Leiomyosarcoma

Leiomyosarcoma: A Soft Tissue Sarcoma Image

Leiomyosarcoma (LMS) is a rare cancerous tumor of the smooth muscle cells. It is a soft tissue sarcoma, which are cancers that attack soft tissues such as fat and muscle cells.

What are Smooth Muscle Cells?

The body has two distinct types of muscles: voluntary and involuntary. Voluntary muscles refer to the muscle groups that control the deliberate physical activities of the body, such as the biceps, triceps, abdominal and pectoral muscles.

Smooth muscle cells, on the other hand, are involuntary muscles, over which we have no control. Located throughout the body, smooth muscle cells are typically found in the blood vessel walls, uterus, stomach, intestines and skin.

Soft Tissue Sarcoma and Smooth Muscle Tumors

Soft tissue sarcoma can develop anywhere along the smooth muscle, the supportive structure that connects the various organs of the body, including the tendons, cartilage and synovial tissue that surrounds joints, soft fibrous tissues, blood vessels, skin, soft fatty tissue, and the soft tissue of the nervous system.

Causes and Risk Factors for Soft Tissue Sarcoma and Leiomyosarcoma

Although research has yet to establish the cause or causes of soft tissue sarcomas, including leiomyosarcoma, risk factors may include:

  • Age: Leiomyosarcoma is far more prevalent in adults over the age of fifty.
  • Heredity: Certain inherited diseases, includingneurofibromatosis (also known as von Recklinghausen’sdisease) and Li-Fraumeni syndrome, increase the risk of developing soft tissue sarcoma.
  • Chemical exposure: Herbicides, chlorophenol wood preservatives, and industrial pollutants, such as vinyl in the manufacturing of plastics, appear to increase one’s risk.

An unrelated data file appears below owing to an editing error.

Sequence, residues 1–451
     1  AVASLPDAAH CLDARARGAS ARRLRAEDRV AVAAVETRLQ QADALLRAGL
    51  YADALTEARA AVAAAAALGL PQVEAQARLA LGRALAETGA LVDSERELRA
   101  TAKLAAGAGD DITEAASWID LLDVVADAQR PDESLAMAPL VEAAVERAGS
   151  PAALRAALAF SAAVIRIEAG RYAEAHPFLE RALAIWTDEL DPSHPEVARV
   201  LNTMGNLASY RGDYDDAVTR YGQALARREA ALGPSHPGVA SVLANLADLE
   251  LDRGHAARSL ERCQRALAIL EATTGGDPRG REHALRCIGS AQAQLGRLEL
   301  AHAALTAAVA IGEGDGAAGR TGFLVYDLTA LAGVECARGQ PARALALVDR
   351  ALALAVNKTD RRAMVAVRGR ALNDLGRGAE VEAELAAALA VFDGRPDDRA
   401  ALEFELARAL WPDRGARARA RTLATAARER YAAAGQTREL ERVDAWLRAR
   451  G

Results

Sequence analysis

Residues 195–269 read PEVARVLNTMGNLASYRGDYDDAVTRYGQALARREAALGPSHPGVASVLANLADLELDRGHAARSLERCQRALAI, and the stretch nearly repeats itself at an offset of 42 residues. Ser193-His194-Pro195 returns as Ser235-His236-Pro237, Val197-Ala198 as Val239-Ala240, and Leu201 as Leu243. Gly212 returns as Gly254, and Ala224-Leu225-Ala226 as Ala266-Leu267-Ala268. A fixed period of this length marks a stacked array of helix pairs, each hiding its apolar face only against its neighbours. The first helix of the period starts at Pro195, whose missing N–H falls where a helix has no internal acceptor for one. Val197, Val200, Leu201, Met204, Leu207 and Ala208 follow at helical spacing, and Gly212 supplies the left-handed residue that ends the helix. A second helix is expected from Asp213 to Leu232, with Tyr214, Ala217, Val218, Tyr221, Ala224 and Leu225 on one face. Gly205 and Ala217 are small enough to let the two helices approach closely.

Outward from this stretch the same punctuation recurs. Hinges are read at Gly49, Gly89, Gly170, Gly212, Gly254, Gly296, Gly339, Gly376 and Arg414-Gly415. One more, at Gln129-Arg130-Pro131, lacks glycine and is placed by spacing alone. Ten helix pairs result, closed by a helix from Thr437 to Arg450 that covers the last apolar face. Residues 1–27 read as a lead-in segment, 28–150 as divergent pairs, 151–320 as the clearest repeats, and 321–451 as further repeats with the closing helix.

Symptoms of Soft Tissue Sarcoma

Soft tissue sarcomas tend to be asymptomatic in the early stages. Often, malignancies of the smooth muscle cells are only detected when a large soft tissue sarcoma grows and begins to displace the normal tissue, typically of the intestine or blood or lymph systems.

Soft Tissue Sarcoma and The Epstein Barr Virus

Recent findings reported by Emory University School of Medicine, Atlanta, Georgia, point to a link between the Epstein Barr Virus (EBV) and the development of soft tissue sarcoma in smooth muscles throughout the body.

The most commonly experienced symptom is a painless swelling or mass arising from the smooth muscle cells. Symptoms of a more advanced soft tissue sarcoma may include weight loss and pain as the tumor pushes against adjacent muscles and nerves.

Artery and Vein Cells

Statistics for Soft Tissue Sarcoma and Leiomyosarcoma

  • Soft tissue sarcomas account for approximately one percent(approximately 8,100) of new cancer cases each year in the United States.
  • Approximately ten percent of the total new cases of soft tissuesarcomas occur in children and teenagers.
  • About fifty percent of all soft tissue sarcomas occur in the smooth muscle cells of the body’s extremities including arms, nipples, legs, hands and feet.
  • About forty percent occur in the chest, back, hips, shoulders,gastrointestinal tract and abdomen.
  • Only ten percent occur in the head and neck.
  • Leiomyosarcoma accounts for around fifteen percent of cases of soft tissue sarcoma cases.
  • Leiomyosarcoma affects mainly adults with an average age ofaround sixty years.

Resources

Bioscience.org. (nd). Leiomyosarcoma. Retrieved September 3, 2003, from www.bioscience.org/atlases/tumpath/musbone/muscle/3/synposis. htm.

Leiomyosarcoma.org. (2003). What is Leiomyosarcoma?. Retrieved September 3, 2003, from www.leiomyosarcoma.info/basic.htm.